Known as 'super teacher', 61-year-old Kanchan Sharma, who retired as a lecturer from after a long service of over 39 years is using her own resources to run a slum school in Jammu’s Maratha Basti
Kanchan Sharma, a retired government teacher, occasionally visits slum dwellers at Maratha Basti in Jammu to conduct a two-hour open class with the motive to keep the underprivileged children engaged and empower them through education.
The 61-year-old is actively working with the community, originally hailing from Pipri village of Maharashtra's Nagpur, since 2009 after motivating their elders for several years to get the children enrolled in her makeshift primary school 'Sangarh Vidya Kendra' at the slum.
I saw my efforts going haywire after noticing some of the children missing the online classes and begging at a city square amid the coronavirus-induced lockdown last month, Sharma, known as 'super teacher', told PTI.
Over three dozen neatly dressed students have turned up to attend their offline class at an open area inside the slum amid strict adherence to the Covid protocol.
Sharma retired as a lecturer from School Education Department after a long service of over 39 years in March last year and is using her own resources to run the slum school after getting permission from the department.
It all started in 2004 during my posting as a teacher at government girl's high school Gandhi Nagar. Three students from the slum came to get enrolled and I asked them whether there are any other students who want to join the school and their response in affirmative motivated me to visit them, she said.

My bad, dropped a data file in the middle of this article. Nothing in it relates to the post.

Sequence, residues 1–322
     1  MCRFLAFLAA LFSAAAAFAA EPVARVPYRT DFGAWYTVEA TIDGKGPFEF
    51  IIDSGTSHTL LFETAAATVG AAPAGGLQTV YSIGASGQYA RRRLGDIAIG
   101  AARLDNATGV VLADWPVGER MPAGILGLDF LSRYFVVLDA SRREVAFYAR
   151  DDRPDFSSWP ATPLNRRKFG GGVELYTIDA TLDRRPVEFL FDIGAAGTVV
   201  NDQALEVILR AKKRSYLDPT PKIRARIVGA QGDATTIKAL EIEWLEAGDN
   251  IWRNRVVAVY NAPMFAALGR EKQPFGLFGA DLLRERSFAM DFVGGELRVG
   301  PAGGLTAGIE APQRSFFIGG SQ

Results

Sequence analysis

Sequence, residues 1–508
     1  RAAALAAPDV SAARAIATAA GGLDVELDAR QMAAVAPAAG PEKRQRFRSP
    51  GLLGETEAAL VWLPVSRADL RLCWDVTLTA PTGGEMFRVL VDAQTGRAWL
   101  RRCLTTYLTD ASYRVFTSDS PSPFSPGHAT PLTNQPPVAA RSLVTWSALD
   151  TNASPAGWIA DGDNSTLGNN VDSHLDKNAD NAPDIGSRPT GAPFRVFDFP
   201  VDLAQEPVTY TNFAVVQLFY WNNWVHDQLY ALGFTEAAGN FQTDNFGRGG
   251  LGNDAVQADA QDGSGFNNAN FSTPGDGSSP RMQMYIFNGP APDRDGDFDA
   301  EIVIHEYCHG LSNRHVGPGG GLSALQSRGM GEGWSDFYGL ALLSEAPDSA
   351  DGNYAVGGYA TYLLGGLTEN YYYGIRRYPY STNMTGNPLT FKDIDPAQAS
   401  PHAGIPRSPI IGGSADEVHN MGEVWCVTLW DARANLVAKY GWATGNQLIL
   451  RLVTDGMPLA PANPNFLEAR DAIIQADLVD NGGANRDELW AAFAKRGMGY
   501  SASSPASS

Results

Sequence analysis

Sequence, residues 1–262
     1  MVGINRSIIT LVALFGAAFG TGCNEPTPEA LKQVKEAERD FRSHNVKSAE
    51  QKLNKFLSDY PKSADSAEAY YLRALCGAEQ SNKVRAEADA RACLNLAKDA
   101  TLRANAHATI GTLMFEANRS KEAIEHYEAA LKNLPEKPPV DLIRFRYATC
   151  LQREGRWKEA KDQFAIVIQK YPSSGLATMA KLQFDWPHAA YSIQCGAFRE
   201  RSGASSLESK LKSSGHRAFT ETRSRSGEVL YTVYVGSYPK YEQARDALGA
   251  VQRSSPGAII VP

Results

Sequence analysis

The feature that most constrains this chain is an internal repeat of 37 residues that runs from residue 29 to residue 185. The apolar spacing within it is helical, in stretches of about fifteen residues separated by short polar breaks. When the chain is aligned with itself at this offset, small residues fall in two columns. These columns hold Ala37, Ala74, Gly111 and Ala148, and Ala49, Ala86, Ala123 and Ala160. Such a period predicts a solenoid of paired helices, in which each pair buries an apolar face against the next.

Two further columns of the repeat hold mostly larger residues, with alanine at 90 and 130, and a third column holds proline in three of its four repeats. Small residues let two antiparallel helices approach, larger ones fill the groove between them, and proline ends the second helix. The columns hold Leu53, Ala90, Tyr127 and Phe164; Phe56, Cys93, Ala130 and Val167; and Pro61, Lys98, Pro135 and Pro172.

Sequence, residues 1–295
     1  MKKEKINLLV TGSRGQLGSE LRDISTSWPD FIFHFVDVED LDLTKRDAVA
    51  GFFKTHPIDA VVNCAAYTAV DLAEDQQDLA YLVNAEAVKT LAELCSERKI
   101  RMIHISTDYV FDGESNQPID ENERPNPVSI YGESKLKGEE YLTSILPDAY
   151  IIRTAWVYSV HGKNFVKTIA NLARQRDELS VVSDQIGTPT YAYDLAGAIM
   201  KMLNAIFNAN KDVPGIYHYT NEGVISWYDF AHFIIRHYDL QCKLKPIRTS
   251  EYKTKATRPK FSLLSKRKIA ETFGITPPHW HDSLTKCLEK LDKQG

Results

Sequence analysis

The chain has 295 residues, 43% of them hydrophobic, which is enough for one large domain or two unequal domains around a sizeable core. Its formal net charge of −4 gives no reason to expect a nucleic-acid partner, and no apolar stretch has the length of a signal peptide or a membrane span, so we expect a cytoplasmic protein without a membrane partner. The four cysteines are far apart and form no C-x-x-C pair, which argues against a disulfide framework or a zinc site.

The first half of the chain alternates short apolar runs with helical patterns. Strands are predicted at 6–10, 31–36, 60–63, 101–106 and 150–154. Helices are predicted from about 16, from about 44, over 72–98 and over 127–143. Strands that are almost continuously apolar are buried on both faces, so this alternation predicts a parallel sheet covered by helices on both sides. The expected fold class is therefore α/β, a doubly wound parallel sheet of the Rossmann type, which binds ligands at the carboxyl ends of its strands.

The teacher said she was surprised to notice minor children sitting idle in groups, playing cards and even chewing tobacco. I told myself that I need to work with them so that the children get empowered through education. The effort saw 40 children getting enrolled in Gandhi Nagar high school.
"Subsequently, I got permission from the department to open a private school that will provide free of cost education at the slum," she said, adding her students at the slum are sharp and intelligent and just need a proper atmosphere to grow as good citizens.
Over 100 children enrolled at her school which was finally opened at a makeshift tin-roofed shed, provided by the slum dwellers, in August 2009 and many of them are presently reading in high and higher secondary schools.
After the coronavirus-driven lockdown forced closure of schools in April, I visited the slum and arranged a few smartphones to run online classes for the enrolled students whose number presently stood at 120. Their parents are poor and hardly afford to provide smartphones to children.
The initial days of enthusiasm disappeared and there was a visible change in the behavior of the children. I was surprised to notice some of them begging at Gandhi Nagar market which hurt my soul and I visited their parents to motivate them not to ruin the future of their children for some bucks, she said.
The teacher said she would have easily provided them ration or other necessities of life but instead opened a school for them.
She said the best way to eradicate poverty is education. I decided to organise a two-hour open class once a week to keep them engaged so that they remain focused and do not lose track.